Post-Violence City – Borders and Conflicts

Exhibition / Photo Essay by John Mounir Hanna

Borders, boundaries, barriers, frontiers. Physical, geographical, political, visual, social, mental. They are constructed in all shapes and forms. Borders mark, borders define, borders shape and borders cut. In all aspects of everyday life, borders play a fundamental role in defining our identities and spatial practices. Under conditions of urban conflicts, borders define the range of violence and the proximity to it. They also feed into imaginaries of the other: not only who, but where are they as opposed to where are we. Through a photography essay, this exhibition aims to explore the question of borders in post-attacks Paris through looking at the intersection of bordering practices with the practices of memory and commemoration, security, and everyday life.


       John Mounir Hanna graduated from the Faculty of Architecture at Graz University of Technology in 2014. During his study years, he volunteered and worked with housing and shelter organizations in Zambia, Egypt and Brazil. In the past few years, he worked closely with contemporary art institutions in Graz and in Cairo. Hanna is a third year PhD candidate at the Chair History of Architecture and Urban Planning at Delft University of Technology, and a member of Border Conditions and Territories research group. His research project addresses the spatiality of urban conflicts, laying a special focus on everyday practices under conditions of armed violence.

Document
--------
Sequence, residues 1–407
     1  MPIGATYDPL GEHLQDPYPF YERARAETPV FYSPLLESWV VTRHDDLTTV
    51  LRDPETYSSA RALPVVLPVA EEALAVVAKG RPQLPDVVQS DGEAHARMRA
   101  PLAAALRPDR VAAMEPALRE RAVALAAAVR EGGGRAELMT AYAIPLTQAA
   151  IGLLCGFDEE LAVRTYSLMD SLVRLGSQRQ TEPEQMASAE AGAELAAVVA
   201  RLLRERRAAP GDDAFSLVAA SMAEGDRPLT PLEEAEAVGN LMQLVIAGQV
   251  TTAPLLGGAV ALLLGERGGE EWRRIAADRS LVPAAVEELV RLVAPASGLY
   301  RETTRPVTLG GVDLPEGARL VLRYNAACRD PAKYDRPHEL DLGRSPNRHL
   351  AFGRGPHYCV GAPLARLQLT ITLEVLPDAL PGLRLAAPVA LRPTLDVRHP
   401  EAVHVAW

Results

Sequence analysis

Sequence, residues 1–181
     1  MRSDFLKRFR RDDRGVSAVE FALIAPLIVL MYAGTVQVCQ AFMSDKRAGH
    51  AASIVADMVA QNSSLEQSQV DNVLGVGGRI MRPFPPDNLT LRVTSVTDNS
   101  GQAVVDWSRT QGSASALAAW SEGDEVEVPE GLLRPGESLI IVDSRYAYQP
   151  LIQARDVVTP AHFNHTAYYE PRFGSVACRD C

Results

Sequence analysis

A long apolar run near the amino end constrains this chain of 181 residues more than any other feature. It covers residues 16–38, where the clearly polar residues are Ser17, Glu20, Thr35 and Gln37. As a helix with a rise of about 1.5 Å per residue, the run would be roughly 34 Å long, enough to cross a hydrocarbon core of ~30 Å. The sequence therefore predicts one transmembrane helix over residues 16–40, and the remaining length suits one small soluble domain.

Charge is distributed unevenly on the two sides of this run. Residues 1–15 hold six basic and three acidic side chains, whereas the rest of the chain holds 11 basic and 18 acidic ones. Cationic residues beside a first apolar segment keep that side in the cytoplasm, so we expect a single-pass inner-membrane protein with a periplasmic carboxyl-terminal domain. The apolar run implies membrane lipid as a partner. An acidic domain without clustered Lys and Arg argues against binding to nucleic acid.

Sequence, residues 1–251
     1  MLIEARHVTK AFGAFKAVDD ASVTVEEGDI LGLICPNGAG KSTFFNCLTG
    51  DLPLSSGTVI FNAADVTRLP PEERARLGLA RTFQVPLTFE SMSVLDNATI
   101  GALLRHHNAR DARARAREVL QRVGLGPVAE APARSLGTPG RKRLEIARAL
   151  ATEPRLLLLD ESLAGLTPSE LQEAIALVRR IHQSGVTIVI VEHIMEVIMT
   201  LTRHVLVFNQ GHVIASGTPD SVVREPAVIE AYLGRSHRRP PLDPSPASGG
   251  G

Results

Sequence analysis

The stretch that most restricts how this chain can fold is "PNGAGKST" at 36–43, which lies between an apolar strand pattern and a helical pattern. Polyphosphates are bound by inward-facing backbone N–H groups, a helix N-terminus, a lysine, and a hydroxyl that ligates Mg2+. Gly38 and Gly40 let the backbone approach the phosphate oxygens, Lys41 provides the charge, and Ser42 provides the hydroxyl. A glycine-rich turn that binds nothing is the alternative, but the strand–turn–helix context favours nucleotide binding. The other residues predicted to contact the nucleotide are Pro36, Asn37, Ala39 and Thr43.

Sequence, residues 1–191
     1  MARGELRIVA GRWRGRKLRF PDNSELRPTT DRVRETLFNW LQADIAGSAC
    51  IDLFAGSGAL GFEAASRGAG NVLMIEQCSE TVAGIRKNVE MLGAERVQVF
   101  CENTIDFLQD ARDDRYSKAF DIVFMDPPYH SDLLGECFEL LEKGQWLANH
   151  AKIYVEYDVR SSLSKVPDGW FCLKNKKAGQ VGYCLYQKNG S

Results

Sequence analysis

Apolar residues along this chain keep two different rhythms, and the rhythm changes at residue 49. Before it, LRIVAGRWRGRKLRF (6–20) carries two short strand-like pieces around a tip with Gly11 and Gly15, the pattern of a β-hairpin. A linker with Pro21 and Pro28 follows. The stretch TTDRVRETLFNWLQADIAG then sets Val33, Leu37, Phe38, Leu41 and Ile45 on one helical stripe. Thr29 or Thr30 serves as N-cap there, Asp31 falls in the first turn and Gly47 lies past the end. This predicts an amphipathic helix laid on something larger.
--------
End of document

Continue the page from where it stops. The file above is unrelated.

John Mounir Hanna participated in 2017 in the summer school "History Takes Place" (dealing with urban studies) of the ZEIT-Stiftung Ebelin und Gerd Bucerius.